Diabetes has become one of the most widely discussed medical conditions in both the medical community and the media. The high prevalence rate of diabetes type II is especially alarming, given that it normally takes several years of unhealthy eating habits and sedentary lifestyle before the insulin resistance â€" the main factor characterizing this subtype of diabetes - reaches critical levels. However, all types of diabetes have the same thing in common, which the elevated level of glucose in the bloodstream. Furthermore, the blood sugar level has to be routinely measured to ensure the diabetes is being properly controlled, and will not pose a direct and immediate risk to the affected individual. One of the most commonly performed tests is the hemoglobin A1c test, (also known as the HBA1C test) which can be used during the initial diagnosis of diabetes, as well as to monitor the patient's response to the condition after the diagnosis. This test will give you your A1C levels which you can then monitor on an A1C chart.
While this particular test is often referred to as the A1c test, or sometimes the blood glucose a1c, and this acronym actually refers to the specific type of hemoglobin found in the red blood cells - known as the A1c glycated hemoglobin â€" that can be measured for the purpose of estimating the average level of glucose in the bloodstream, this measurement being known as the hemoglobin A1C level. The glycated hemoglobin is not created automatically when the patient's blood sugar becomes elevated, but only when the hemoglobin itself actually comes into contact with the plasma glucose. As the level of sugar in the bloodstream increases, so will the production of glycated hemoglobin. Therefore, the test can be very accurate in terms of providing an average level of glucose in the patient's bloodstream, over longer periods of time, typically on the order of several weeks. Additionally, the test can also be used for the purpose of initial diagnosis of diabetes, as the elevated levels of glycated hemoglobin will usually be easily noticeable during measurement.
The measurement obtained during an A1C test will typically reflect the percentage of patient's total hemoglobin that has become glycated. The higher this observed percentage is, the higher will the average level of blood sugar in the bloodstream be. However, before examining the healthy ranges for this test's results, it is important to recognize that â€" given the particular measurement method â€" the specific value obtained will have a wide margin of error. For example, the level of glycated hemoglobin may stay the same from one measurement to the next, but the percentage estimated may vary due to fluctuating levels of total hemoglobin, which may occur during pregnancy, or after any blood donations.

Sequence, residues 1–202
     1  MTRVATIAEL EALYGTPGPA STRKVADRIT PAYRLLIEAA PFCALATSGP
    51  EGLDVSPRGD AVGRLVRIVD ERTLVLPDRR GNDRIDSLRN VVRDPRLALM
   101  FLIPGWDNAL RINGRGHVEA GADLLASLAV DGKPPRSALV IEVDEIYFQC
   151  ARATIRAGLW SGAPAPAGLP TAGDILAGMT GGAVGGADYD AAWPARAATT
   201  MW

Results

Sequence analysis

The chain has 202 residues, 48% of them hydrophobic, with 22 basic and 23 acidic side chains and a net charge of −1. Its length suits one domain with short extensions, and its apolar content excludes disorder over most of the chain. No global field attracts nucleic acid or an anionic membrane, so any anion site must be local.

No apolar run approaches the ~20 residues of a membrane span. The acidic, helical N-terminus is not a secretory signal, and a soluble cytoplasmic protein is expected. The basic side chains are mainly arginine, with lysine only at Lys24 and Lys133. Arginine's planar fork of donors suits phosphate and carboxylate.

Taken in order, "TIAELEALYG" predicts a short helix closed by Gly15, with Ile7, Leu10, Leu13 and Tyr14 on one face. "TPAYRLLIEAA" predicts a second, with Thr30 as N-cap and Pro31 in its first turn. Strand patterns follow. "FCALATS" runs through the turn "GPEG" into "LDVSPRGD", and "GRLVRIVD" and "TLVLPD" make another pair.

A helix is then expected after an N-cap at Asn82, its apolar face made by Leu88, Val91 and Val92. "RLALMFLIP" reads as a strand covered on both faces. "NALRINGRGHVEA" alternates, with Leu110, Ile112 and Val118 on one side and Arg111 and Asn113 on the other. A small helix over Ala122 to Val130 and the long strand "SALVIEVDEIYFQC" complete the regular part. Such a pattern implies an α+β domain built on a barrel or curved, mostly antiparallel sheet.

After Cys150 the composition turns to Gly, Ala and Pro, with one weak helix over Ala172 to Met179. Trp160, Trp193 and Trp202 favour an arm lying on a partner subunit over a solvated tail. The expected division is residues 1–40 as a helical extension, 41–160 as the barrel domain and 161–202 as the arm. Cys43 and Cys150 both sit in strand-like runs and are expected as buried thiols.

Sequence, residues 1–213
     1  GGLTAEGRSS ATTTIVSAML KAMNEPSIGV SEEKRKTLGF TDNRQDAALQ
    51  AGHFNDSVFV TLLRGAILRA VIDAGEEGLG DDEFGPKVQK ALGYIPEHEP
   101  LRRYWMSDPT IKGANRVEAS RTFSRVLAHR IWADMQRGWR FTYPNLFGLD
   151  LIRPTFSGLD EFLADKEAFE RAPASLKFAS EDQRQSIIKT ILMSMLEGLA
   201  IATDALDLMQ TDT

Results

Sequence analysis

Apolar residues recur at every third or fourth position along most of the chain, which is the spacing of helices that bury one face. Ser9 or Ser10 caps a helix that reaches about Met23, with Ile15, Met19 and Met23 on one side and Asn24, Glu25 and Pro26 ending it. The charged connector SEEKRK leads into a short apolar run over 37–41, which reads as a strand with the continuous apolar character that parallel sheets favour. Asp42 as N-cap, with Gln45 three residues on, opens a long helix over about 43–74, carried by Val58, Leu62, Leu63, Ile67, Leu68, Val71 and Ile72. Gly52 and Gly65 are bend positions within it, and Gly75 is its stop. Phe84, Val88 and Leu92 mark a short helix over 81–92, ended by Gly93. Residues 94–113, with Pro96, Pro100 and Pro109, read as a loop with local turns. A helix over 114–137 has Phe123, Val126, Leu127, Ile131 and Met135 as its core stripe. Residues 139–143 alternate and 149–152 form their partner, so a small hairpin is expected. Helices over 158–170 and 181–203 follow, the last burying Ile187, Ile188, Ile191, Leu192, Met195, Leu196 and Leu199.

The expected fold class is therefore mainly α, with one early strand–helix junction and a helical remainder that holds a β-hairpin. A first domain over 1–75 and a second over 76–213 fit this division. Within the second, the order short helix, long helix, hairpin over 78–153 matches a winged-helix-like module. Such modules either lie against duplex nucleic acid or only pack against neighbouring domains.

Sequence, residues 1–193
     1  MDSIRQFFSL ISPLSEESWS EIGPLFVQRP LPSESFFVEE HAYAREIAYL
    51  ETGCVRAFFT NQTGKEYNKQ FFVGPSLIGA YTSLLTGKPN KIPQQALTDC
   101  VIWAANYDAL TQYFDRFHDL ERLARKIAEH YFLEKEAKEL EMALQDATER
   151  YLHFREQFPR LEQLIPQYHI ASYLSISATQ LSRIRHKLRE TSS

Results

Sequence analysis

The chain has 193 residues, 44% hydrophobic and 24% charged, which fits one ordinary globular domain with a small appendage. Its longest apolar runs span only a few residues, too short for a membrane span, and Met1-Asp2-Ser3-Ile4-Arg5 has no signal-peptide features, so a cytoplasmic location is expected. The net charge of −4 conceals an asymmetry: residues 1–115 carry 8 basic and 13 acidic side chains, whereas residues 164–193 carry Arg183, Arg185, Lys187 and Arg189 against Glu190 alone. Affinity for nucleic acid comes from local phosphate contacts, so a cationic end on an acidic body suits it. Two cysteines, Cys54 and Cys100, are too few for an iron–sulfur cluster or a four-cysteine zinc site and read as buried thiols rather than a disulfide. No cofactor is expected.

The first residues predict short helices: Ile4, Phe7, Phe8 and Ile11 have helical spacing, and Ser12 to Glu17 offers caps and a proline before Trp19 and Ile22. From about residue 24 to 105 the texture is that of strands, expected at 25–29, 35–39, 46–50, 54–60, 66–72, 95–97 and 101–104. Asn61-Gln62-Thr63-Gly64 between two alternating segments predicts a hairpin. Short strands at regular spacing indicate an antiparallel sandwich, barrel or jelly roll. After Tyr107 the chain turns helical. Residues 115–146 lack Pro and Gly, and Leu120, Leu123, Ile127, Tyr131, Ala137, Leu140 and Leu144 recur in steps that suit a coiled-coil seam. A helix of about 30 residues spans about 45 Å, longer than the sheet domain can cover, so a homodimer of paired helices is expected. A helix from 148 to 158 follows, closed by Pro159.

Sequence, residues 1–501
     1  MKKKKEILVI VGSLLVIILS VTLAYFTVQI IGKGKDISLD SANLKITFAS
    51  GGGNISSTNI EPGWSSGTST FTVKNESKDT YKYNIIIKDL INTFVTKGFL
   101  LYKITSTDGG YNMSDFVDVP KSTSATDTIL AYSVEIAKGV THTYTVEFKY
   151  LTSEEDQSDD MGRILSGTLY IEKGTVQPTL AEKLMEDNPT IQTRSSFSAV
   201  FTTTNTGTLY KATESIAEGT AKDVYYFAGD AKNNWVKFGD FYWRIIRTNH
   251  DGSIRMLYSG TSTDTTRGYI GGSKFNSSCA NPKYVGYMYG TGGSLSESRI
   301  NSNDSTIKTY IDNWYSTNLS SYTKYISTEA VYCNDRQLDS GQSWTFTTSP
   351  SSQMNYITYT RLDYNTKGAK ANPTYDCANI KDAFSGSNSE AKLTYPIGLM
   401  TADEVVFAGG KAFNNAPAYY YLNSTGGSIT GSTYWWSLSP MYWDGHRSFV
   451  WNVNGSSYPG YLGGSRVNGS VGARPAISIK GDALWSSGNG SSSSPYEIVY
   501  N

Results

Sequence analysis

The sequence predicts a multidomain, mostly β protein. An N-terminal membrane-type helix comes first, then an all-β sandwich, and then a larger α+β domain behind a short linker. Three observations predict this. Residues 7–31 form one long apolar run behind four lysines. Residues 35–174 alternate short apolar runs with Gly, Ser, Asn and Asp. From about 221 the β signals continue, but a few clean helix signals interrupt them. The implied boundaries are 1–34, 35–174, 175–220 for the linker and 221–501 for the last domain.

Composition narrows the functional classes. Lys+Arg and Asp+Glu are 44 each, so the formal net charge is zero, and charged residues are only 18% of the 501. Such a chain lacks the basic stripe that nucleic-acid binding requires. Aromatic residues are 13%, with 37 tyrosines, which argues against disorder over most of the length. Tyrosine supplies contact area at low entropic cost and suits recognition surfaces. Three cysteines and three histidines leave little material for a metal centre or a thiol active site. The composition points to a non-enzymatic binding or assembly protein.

Typically, individuals not affected by any type of diabetes will have an average A1C level between 4% and 6%. A diagnosis of diabetes will typically be considered only if the results show a glycated hemoglobin percentage being higher than 6.5%. Additionally, the higher the percentage measured is, the higher will the possibility of developing diabetes-related complications be. Individuals affected by type II diabetes are recommended to ensure that their A1C percentage is lower than 7%. This test will primarily be used to ensure the patient's diabetes and thus their sugar levels are under control and being managed over longer periods of time. The A1C test will not provide or directly match the result obtained during the individual's daily blood sugar tests, and another testing method will be necessary for daily readings.
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